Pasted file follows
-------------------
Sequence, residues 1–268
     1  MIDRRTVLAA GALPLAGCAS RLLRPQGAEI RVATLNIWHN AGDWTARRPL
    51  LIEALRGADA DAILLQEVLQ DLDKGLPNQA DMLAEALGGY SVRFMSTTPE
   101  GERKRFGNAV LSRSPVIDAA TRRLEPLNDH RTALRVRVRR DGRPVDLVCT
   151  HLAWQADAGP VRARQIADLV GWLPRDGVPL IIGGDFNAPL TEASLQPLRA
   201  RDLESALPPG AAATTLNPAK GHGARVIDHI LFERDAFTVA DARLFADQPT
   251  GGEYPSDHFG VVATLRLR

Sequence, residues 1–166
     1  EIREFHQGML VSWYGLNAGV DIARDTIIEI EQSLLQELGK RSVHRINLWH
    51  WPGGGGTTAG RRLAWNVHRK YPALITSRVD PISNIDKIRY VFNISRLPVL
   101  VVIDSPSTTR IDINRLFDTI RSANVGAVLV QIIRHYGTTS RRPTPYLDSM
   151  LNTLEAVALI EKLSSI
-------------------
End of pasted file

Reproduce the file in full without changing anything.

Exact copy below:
Sequence, residues 1–268
     1  MIDRRTVLAA GALPLAGCAS RLLRPQGAEI RVATLNIWHN AGDWTARRPL
    51  LIEALRGADA DAILLQEVLQ DLDKGLPNQA DMLAEALGGY SVRFMSTTPE
   101  GERKRFGNAV LSRSPVIDAA TRRLEPLNDH RTALRVRVRR DGRPVDLVCT
   151  HLAWQADAGP VRARQIADLV GWLPRDGVPL IIGGDFNAPL TEASLQPLRA
   201  RDLESALPPG AAATTLNPAK GHGARVIDHI LFERDAFTVA DARLFADQPT
   251  GGEYPSDHFG VVATLRLR

Sequence, residues 1–166
     1  EIREFHQGML VSWYGLNAGV DIARDTIIEI EQSLLQELGK RSVHRINLWH
    51  WPGGGGTTAG RRLAWNVHRK YPALITSRVD PISNIDKIRY VFNISRLPVL
   101  VVIDSPSTTR IDINRLFDTI RSANVGAVLV QIIRHYGTTS RRPTPYLDSM
   151  LNTLEAVALI EKLSSI